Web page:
Invertebrate diagnostician Joe Ostoja-Starzewski said: "I think it's rather draconian to say that as soon as you find (fucshia gall mite) you need to destroy all your plants - there's a fuchsia industry out there that needs to produce and sell plants."
Contrary to the RHS advice telling gardeners to dig up, burn or bury any infected plants, Ostoja-Starzewski said fuchsia gall mite can be treated with pruning and pesticides.
He said: "I'd say that if you have large numbers of fuchsia or fuchsia in hedging then controlling fuchsia gall mite is going to be quite difficult. But with small amounts of fuchsia in pots, conservatories and greenhouses, I don't see why you can't stay on top of the problem.Throwing the plants away willy-nilly is not really necessary when you can get on top of it by pruning and using chemical treatments."
RHS chief horticultural adviser Guy Barter responded: "It is true that cutting back and treating regrowth with the only insecticide available to gardeners - Westland Plant Rescue Bug Killer Ornamental Plants - and/or frequent treatment with materials with a physical mode of action such as oil-based insecticides might be effective.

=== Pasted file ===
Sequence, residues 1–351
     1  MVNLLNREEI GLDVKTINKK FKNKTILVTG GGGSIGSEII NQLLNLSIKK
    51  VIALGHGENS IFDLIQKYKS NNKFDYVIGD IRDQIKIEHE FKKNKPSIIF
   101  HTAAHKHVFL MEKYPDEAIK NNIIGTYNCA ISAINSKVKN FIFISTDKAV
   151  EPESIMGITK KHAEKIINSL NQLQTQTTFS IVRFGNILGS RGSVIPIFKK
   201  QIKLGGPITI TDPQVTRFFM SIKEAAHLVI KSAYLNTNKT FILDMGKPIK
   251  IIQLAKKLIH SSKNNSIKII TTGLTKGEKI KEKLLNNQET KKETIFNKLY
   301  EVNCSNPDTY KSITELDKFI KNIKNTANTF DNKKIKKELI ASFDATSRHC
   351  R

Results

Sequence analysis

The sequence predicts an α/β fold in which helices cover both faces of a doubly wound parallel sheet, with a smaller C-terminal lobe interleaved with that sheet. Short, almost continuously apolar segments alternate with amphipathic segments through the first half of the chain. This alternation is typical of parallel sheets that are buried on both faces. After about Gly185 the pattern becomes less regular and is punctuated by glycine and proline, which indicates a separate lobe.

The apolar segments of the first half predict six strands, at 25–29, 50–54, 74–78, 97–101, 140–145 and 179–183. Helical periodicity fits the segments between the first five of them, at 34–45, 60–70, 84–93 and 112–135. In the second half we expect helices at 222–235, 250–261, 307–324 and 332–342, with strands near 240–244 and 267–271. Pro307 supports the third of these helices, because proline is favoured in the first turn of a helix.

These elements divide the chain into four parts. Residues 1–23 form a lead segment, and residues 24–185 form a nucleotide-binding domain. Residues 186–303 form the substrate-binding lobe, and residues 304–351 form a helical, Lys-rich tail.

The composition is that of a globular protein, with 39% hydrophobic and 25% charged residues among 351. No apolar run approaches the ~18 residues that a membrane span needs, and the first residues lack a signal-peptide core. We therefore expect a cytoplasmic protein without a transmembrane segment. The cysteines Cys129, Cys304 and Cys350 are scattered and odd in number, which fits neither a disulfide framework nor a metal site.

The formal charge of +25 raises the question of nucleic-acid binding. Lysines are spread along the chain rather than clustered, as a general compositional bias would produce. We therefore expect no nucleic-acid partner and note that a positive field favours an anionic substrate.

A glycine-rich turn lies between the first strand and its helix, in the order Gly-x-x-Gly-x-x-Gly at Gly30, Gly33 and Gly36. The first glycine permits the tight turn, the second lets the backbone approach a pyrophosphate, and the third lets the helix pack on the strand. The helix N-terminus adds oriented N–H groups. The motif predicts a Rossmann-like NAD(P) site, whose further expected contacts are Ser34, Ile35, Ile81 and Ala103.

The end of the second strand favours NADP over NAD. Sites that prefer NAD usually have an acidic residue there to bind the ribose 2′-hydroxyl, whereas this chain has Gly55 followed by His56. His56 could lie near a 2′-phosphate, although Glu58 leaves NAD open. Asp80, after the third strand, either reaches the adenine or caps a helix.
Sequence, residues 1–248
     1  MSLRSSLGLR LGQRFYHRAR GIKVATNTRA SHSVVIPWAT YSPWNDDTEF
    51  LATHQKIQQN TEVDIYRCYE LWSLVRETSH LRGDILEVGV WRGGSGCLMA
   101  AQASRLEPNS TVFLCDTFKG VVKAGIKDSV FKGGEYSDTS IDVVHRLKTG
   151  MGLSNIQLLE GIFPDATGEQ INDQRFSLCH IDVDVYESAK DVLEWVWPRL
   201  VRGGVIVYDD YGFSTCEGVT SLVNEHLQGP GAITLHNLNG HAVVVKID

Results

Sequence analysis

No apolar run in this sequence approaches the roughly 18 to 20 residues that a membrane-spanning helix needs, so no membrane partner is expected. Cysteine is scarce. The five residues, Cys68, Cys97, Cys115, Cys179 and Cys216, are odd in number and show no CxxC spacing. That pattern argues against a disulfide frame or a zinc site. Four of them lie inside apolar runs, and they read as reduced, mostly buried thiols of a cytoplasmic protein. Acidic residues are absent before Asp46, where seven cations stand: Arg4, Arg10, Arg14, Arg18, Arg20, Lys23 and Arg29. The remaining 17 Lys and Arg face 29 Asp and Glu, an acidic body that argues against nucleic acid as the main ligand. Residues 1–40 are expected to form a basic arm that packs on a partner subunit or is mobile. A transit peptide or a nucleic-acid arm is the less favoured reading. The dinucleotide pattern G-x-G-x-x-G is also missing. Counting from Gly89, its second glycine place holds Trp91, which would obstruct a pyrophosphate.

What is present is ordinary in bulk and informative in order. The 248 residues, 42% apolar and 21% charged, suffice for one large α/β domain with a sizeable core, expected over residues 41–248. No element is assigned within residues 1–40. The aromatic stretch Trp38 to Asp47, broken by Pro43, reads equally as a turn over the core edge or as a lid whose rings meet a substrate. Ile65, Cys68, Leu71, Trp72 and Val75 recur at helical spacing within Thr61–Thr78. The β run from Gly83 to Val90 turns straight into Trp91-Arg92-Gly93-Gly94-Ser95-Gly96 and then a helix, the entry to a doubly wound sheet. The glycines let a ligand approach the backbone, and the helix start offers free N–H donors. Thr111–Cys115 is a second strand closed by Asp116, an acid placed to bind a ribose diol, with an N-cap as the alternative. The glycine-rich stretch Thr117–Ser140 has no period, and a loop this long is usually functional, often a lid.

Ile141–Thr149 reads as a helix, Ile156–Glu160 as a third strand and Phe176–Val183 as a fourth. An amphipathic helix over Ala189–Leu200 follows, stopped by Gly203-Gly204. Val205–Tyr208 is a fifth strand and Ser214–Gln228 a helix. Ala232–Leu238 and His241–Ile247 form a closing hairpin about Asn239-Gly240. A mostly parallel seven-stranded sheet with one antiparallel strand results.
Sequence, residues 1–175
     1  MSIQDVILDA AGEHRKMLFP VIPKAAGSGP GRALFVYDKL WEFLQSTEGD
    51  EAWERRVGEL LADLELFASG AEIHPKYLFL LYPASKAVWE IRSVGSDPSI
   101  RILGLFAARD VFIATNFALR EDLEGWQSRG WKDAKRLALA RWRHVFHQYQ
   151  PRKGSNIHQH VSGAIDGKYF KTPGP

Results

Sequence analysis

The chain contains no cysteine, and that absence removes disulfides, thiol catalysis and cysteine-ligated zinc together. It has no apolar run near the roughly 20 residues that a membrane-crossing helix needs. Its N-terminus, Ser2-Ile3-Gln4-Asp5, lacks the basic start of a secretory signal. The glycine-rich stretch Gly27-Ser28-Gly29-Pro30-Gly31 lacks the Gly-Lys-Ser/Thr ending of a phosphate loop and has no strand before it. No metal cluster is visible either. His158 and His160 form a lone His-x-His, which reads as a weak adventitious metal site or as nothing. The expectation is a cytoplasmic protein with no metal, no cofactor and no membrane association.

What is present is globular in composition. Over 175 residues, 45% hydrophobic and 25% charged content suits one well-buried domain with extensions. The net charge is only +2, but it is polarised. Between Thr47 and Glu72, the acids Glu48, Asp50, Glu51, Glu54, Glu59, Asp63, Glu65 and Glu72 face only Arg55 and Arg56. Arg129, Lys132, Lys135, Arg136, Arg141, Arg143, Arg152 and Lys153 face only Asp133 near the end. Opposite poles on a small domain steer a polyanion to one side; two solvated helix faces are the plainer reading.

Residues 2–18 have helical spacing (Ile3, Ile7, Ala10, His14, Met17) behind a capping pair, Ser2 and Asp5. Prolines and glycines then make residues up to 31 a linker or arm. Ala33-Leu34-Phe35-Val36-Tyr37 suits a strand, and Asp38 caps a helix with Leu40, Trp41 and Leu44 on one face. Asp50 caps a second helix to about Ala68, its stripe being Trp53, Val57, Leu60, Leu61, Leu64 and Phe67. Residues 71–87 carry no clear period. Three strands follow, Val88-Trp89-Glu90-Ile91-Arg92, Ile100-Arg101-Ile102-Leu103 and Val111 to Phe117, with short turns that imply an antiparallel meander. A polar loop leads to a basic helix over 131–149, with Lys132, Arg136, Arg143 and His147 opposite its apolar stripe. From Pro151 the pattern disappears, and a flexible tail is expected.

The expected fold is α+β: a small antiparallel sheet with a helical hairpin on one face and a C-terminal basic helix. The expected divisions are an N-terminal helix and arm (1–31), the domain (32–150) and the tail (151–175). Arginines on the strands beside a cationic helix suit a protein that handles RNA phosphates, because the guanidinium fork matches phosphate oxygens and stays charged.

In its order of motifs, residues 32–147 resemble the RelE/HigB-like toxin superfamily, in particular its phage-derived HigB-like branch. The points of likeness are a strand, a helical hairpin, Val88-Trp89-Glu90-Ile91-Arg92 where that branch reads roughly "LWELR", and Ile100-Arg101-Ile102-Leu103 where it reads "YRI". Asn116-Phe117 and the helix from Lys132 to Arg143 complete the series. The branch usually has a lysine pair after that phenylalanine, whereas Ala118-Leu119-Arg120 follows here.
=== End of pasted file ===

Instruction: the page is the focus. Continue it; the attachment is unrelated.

"But the effort, cost and likelihood of disappointing results after doing this lead us, at the moment, to advise replacement for the average amateur gardener."
He added: "Fuchsia enthusiasts might, of course, be more motivated to attempt such control methods to preserve precious collections and we will examine their findings with great interest.
"But research on the situation in other countries leads us to believe the difficulties are great. If or when we find hot spots of infestation, we might review this advice."